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08/22/90 LEX TEX LTD. v. HENRY HOWSON SKILLMAN

DISTRICT OF COLUMBIA COURT OF APPEALS


August 22, 1990

LEX TEX LTD., INC., APPELLANT
v.
HENRY HOWSON SKILLMAN, ET AL., APPELLEES

On Certification from the United States Court of Appeals for the District of Columbia Circuit

Rogers, Chief Judge, and Steadman and Farrel, Associate Judges.

The opinion of the court was delivered by: Steadman

In this certified question proceeding, we are asked to interpret the District of Columbia "long-arm" statute. D.C. Code § 13-423 (1989).

A Florida corporation has brought suit in the United States District Court for the District of Columbia against a Pennsylvania attorney and the partners of his law firm, alleging malpractice in legal representation before the United States Patent and Trademark Office, located at all relevant times in the District of Columbia. The basis for alleging jurisdiction is our statute that provides that a District of Columbia court may exercise personal jurisdiction over a person "as to a claim for relief arising from the person's . . . transacting any business in the District of Columbia." D.C. Code § 13-423(a) (1).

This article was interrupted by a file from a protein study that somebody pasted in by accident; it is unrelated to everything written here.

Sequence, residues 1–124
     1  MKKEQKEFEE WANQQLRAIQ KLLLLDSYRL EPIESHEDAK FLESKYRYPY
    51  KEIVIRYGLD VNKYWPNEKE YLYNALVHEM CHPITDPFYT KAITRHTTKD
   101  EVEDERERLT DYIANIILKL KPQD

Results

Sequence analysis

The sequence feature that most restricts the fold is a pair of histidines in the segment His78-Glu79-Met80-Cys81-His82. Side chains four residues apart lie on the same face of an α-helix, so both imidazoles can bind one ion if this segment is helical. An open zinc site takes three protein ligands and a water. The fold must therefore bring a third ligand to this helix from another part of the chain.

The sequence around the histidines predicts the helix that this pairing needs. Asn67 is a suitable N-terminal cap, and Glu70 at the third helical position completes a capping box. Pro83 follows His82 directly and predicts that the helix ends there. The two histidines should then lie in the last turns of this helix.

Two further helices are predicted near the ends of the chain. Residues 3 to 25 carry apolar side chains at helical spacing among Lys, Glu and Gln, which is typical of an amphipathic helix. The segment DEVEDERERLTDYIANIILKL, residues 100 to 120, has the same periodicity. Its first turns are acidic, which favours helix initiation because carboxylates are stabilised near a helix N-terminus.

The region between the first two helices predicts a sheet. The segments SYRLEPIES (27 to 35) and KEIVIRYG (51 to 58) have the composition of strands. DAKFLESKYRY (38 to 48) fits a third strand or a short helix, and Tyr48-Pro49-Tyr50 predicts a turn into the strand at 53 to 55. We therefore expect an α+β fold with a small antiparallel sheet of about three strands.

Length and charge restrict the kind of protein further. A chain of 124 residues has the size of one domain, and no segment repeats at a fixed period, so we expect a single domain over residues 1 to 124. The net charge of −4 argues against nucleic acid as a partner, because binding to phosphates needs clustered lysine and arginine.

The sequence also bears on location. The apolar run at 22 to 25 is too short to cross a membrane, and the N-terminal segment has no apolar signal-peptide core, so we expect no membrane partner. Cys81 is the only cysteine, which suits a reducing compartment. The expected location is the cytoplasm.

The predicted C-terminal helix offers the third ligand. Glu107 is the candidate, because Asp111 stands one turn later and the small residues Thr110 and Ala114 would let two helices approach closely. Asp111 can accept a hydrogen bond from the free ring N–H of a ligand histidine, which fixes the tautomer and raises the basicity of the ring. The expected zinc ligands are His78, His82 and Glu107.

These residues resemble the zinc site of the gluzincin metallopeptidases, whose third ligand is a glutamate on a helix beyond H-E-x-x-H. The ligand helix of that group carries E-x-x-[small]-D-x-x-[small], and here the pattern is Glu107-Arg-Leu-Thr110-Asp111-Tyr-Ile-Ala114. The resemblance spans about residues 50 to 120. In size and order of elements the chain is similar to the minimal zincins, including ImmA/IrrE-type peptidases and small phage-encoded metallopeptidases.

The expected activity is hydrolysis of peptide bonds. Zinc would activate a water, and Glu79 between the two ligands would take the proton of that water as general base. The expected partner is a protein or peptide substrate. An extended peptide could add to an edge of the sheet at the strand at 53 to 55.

That the Pennsylvania attorney and, through him, his law firm "transact business" in the District of Columbia in the ordinary meaning of the phrase cannot be gainsaid. The legal question now before us arises because of a possible limitation imposed on the exercise of personal jurisdiction in the District of Columbia by the so-called "government contacts" principle. We hold that that principle does not apply to the facts before us

I

Plaintiff-appellant in this case, Lex Tex Ltd., Inc. ("Lex Tex"), a Florida corporation with its principal place of business in Florida, is the assignee of two patents protecting textile manufacturing processes. The original owner of the patents retained defendant-appellee Henry Howson Skillman and his law firm, Howson & Howson, in 1957 to prosecute the patent applications before the United States Patent and Trademark Office (the "Patent Office" or the "Office"), then located in the District of Columbia. *fn1 Skillman was both a partner at Howson & Howson and a citizen of Pennsylvania at all relevant times. Howson & Howson is a law partnership with its office in Pennsylvania. Appellee Skillman successfully prosecuted the applications and both were issued in 1963.